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PHARM Podcast 161 Can ketamine kill you?

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Hi folks

on todays episode I discuss  whether ketamine can kill. There’s a myth going around that ketamine when given medically is so safe that its impossible to kill a patient. The myth goes that above a dissociative dose, any extra ketamine will cause only prolonged effect and no other adverse reactions. This is not true. Ketamine is a mild respiratory and cardiac depressant. The more you give, the more depressant effect.  It is certainly potentially lethal when given to alcohol intoxicated patients and extreme caution needs to be taken in this group.

On the podcast I discuss a recent death of an American police officer who was alcohol intoxicated during his birthday party, then became agitated and fellow officers called then an ambulance. It was decided he might be suffering from Excited Delirium syndrome and ketamine sedation was chosen as per protocol . There was a question raised if alcohol intoxication was risky with ketamine but this was discounted. Soon after sedation, he was placed into the ambulance but suffered a cardiac arrest en route. Despite resuscitation he died of hypoxic brain injury a few days later. The medical examiner report evidently found no obvious signs of Excited Delirium Syndrome nor any other drugs in his blood apart from alcohol and ketamine given. It was ruled accidental death by mixture of alcohol and ketamine. So be careful with your ketamine sedations!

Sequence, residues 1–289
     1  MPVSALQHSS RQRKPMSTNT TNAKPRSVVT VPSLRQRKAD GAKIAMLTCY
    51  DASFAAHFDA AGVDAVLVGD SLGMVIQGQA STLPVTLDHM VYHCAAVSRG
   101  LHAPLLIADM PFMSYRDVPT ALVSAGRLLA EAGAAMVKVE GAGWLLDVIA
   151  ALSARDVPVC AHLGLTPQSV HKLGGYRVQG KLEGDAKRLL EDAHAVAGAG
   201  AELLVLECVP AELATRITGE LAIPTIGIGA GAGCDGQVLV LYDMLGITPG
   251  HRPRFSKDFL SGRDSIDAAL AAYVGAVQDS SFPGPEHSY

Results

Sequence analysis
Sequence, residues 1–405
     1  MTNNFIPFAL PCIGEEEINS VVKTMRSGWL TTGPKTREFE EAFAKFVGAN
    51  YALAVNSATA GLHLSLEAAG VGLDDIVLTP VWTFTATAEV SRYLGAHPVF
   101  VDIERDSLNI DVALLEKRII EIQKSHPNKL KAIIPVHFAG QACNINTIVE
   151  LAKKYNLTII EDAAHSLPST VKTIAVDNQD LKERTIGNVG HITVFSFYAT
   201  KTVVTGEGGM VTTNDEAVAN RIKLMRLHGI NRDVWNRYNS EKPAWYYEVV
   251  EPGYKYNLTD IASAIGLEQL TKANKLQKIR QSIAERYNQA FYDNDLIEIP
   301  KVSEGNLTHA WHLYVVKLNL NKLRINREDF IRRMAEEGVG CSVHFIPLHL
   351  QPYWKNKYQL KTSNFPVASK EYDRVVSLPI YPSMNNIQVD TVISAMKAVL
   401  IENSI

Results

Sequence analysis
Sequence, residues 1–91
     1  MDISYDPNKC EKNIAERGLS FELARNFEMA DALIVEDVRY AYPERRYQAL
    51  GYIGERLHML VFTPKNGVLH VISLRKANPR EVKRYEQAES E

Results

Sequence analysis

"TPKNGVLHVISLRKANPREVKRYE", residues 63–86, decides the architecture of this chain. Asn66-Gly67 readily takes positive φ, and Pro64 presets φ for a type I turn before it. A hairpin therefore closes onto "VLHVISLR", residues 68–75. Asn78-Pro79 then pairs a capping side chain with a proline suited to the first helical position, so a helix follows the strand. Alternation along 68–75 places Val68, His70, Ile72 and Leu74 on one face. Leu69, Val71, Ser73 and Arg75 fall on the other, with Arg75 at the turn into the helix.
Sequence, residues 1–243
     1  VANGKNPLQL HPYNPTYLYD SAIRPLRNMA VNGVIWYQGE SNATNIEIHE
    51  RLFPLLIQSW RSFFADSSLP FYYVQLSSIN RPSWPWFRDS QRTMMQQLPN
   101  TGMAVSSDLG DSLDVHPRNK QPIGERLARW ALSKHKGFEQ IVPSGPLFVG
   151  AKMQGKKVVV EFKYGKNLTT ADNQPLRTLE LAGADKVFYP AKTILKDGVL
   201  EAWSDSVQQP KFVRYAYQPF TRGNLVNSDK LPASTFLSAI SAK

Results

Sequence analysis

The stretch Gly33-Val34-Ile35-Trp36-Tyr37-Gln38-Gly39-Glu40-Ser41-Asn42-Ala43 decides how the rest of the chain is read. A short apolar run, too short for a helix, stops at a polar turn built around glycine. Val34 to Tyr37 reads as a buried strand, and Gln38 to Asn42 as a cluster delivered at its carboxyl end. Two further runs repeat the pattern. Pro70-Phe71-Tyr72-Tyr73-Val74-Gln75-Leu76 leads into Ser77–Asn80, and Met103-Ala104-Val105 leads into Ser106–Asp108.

Show notes:

Lee deputy died of brain injury after ketamine treatment for alcohol-induced delirium

An autopsy report from the medical examiner points to a deadly combination of alcohol and medically-administered Ketamine in the death of Deputy Willard Truckenmiller.

Lee County Deputy Dies Due to Alcohol and a Sedative Mix

Laryngospasm and hypoxia after intramuscular administration of ketamine to a patient in excited delirium

Serious adverse events during procedural sedation with ketamine. (note laryngospasm more common with IM ketamine)

2014 NAEMSP talk on prehospital ketamine for agitation ( note median IV and IM dosing ranges . 500mg dosing rarely needed)

Ketamine: an update on the first twenty-five years of clinical experience

Ketamine causes respiratory depression similar to opioids

Ketamine causes respiratory depression similar to opiates

Critical review of ketamine (pg6)

Use with caution in the chronic alcoholic and the acutely alcohol-intoxicated patient.

Opioid receptors-mediated respiratory effects and antinociception after S(+)-ketamine.

The involvement of the mu-opioid receptor in ketamine-induced respiratory depression and antinociception

Postmortem Blood Ketamine Distribution in Two Fatalities

PROLONGED APNOEA WITH KETAMINE

Prolonged apnoea, trismus and ketamine

Case report of failed DSI – apnoea after ketamine

KETAMINE ADVERSE AIRWAY EVENTS

PATIENT DEATH AFTER KETAMINE OVERDOSE SPURS CHANGES AT UVMMC

Podcast ( available here and on iTunes)

Right Click and Choose Save-as to Download the Podcast.

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